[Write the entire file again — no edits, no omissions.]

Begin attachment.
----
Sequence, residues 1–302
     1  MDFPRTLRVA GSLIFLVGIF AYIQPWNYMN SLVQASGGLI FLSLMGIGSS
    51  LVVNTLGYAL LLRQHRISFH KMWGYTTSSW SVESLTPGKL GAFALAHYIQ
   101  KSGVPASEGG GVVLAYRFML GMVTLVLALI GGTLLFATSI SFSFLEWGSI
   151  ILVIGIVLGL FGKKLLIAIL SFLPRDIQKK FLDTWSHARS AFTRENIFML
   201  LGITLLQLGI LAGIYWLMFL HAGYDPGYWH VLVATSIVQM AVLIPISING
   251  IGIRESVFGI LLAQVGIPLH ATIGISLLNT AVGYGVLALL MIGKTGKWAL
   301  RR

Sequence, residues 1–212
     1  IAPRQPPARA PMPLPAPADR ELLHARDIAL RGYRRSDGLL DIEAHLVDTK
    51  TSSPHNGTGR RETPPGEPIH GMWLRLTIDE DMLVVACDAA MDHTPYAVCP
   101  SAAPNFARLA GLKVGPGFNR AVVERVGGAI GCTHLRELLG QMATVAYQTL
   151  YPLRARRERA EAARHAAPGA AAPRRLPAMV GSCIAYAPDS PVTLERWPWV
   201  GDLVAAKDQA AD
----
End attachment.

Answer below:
Sequence, residues 1–302
     1  MDFPRTLRVA GSLIFLVGIF AYIQPWNYMN SLVQASGGLI FLSLMGIGSS
    51  LVVNTLGYAL LLRQHRISFH KMWGYTTSSW SVESLTPGKL GAFALAHYIQ
   101  KSGVPASEGG GVVLAYRFML GMVTLVLALI GGTLLFATSI SFSFLEWGSI
   151  ILVIGIVLGL FGKKLLIAIL SFLPRDIQKK FLDTWSHARS AFTRENIFML
   201  LGITLLQLGI LAGIYWLMFL HAGYDPGYWH VLVATSIVQM AVLIPISING
   251  IGIRESVFGI LLAQVGIPLH ATIGISLLNT AVGYGVLALL MIGKTGKWAL
   301  RR

Sequence, residues 1–212
     1  IAPRQPPARA PMPLPAPADR ELLHARDIAL RGYRRSDGLL DIEAHLVDTK
    51  TSSPHNGTGR RETPPGEPIH GMWLRLTIDE DMLVVACDAA MDHTPYAVCP
   101  SAAPNFARLA GLKVGPGFNR AVVERVGGAI GCTHLRELLG QMATVAYQTL
   151  YPLRARRERA EAARHAAPGA AAPRRLPAMV GSCIAYAPDS PVTLERWPWV
   201  GDLVAAKDQA AD